giovedì 30 dicembre 2010

The Stands "All Years Leaving"

Il gruppo decisamente lodato da Noel Gallagher esordiva con questo discreto disco. Non mi strappo i capeli per questo suono sicuramente retrò, ma devo dire che è fatto con accortezza e discrete melodie.
Gruppo onesto. Niente di più. (2004 Echo)

Most music is not at all original; it's an observation that is common knowledge to any music fan.
But it's only after hearing certain records that you realize that most music is simply recycling "the classics," and that most bands don't have the talent, knowledge, or simply the gut to make something startling.
An example of such a record could be All Years Leaving by The (seemingly Noel-Gallagher-endorsed) Stands. There's no doubt about the craftsmanship and good intentions of these four young British lads, but the final product just doesn't stick out from the masses.
Let's start with the music: the typical mix of '60s folk and rock, which British bands like The Trills, The Coral, and the Turin Brakes have rediscovered, is a prominent force on All Years Leaving.
The Stands are mimicking that sound with good result, sounding like something that late-'60s bands such as The Byrds would have recorded if they had been kept in cryonic state for forty years. Then there are the lyrics; lead singer/songwriter Howie Payne writes simple and understandable lines.
That's fine, but his songs don't have that same unmistakable, in-your-face power as his examples. What made those "'60s legends" legendary is the genius of how they could compress an intricate feeling or story into a few lines, or a melody with utter simplicity.
Now, it's not very fair of me to compare the debut record from these guys with the best works of the Byrds, Beatles, or Beach Boys, but that is about the only comparison that is valid, because The Stands don't leave the roads paved by those bands.
Again, there is nothing wrong with recycling an old theme, but it would just seem to make sense to add, subtract, or change things to make the theme more interesting.
There are enough examples of bands that did exactly that (examples like Neutral Milk Hotel and Belle & Sebastian spring to mind) and made the best records of the '90s. Unfortunately, The Stands seem to be one of many in the abundant pond of bands with unimaginative music. (

Given the official Britpop seal of approval by no less than Oasis' Noel Gallagher, this album is essentially a showcase for the undoubted talents of singer-songwriter Howie Payne.
That the album is ultimately something of a mixed bag is not so much down to Payne's obvious abilities as a songwriter, but that the performances on this album simply do not do justice to the material.
Part of the problem is Payne's thin, reedy voice which, although occasionally sounding like John Lennon before he smothered his vocals in reverb and multi-tracking, most of the time just can't carry off the tunes... And there are some great ones dotted around this album.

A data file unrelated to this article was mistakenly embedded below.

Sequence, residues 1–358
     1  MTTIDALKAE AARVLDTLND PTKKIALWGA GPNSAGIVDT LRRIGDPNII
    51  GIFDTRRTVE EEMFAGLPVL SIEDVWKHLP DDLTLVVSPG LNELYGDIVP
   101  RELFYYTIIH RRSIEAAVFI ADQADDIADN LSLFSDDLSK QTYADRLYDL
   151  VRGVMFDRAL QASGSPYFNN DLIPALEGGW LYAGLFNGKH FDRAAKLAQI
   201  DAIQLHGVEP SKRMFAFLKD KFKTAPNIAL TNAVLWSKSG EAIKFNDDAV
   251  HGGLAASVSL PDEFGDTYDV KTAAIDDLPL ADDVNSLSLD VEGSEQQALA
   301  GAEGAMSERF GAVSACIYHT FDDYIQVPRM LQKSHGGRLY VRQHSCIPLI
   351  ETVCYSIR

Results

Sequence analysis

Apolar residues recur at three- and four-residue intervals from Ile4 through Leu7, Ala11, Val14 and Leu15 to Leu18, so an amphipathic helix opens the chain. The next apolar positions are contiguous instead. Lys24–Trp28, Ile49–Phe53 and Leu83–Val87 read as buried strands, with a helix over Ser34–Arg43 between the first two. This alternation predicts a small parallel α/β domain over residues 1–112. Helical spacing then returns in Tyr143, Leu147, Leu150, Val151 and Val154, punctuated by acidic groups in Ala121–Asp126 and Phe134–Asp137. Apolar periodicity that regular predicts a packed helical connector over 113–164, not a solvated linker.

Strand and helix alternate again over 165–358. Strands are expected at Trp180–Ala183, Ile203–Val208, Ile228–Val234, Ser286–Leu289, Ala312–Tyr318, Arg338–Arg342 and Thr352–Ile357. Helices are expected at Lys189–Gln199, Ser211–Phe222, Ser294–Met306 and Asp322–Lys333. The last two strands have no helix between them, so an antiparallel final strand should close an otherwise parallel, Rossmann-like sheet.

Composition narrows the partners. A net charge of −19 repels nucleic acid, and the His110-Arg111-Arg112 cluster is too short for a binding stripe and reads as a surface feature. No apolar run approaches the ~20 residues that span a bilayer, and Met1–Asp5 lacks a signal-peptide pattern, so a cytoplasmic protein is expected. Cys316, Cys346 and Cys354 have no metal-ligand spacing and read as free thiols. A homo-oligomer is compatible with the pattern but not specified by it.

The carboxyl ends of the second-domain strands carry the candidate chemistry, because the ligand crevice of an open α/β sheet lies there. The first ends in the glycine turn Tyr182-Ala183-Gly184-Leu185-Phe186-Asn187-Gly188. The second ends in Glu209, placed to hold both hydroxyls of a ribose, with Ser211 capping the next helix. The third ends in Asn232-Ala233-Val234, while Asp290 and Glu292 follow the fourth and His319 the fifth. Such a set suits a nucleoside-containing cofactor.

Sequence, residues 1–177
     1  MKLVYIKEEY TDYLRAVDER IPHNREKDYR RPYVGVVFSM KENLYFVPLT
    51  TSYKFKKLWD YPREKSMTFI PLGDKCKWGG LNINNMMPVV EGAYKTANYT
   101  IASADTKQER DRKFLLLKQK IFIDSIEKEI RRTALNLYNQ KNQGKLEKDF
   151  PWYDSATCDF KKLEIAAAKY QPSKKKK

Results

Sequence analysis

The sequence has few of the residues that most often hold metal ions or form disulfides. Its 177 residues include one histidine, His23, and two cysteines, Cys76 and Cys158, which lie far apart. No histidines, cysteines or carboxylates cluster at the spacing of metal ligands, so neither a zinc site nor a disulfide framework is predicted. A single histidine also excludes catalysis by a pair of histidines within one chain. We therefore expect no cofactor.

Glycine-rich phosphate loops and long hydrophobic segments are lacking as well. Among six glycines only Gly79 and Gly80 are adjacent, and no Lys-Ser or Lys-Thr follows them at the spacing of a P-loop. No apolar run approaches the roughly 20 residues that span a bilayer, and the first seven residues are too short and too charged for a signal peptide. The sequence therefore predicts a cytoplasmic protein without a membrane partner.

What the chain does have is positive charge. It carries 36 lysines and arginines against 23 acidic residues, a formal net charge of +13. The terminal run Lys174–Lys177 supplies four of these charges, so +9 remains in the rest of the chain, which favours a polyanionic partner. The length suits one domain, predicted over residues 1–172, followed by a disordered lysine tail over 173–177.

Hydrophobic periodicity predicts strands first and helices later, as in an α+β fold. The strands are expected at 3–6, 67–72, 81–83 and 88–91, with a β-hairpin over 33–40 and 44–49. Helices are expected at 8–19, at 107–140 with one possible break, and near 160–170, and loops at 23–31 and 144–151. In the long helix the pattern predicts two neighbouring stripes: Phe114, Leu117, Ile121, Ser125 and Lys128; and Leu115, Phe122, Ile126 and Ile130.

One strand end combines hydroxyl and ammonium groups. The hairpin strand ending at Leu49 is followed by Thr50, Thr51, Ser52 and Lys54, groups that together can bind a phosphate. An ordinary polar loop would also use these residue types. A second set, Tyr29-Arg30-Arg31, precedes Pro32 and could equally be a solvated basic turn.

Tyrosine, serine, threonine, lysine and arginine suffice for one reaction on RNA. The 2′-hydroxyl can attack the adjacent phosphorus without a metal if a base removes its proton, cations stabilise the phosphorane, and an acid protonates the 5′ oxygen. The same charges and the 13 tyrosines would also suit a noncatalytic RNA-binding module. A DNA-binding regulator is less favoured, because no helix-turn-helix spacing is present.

One of the best is When This River Rolls Over You (one of several songs on the album that appear to owe more than a passing debt to one Neil Young), but then there's also the Beatles-like The Big Parade and Here She Comes Again, which could easily be mistaken for the Velvet Underground song of the same name.
I Need You and The Love You Give, both titles that also betray the influence of the Fab Four, evoke memories of the Byrds, circa Fifth Dimension, while it's easy to imagine the title track gracing one of the early Oasis albums, and, indeed, it would have been greatly enhanced by Liam's snarling delivery.
No problem then with the breadth of references to rock's golden age, but like any number of British bands of the past 15 years (Ride, Teenage Fanclub, Cosmic Rough Riders etc.) the size of the record collection doesn't always equal memorable pop songs, merely derivative ones.
For all the variety of songs on offer here, and the admirable brevity of the album (a shade over 41 minutes) there just isn't the contrast of setting and mood necessary to sustain the interest.
Payne's voice, too, really does start to grate after a few numbers, partly because sometimes he tries a little to hard to be expressive and, instead, comes over simply as over-mannered.
It's easy to see how, 10 years or so down the line, Payne will have carved himself out a cosy little niche as a jobbing songwriter while his fellow band members have disappeared back into obscurity. That's a pity because in many ways this is an impressive, ambitious album - it just seems to fall short in the final delivery. (Simon Evans -

- I've Waited So Long
- All Years Leaving
- Outside Your Door
- When This River Rolls Over You
- It's Only Everything
- Always Is The Same / Shine On
- Here She Comes Again
- The Big Parade
- The Love You Give
- I Need You
- Some Weekend Night
- The Way She Does


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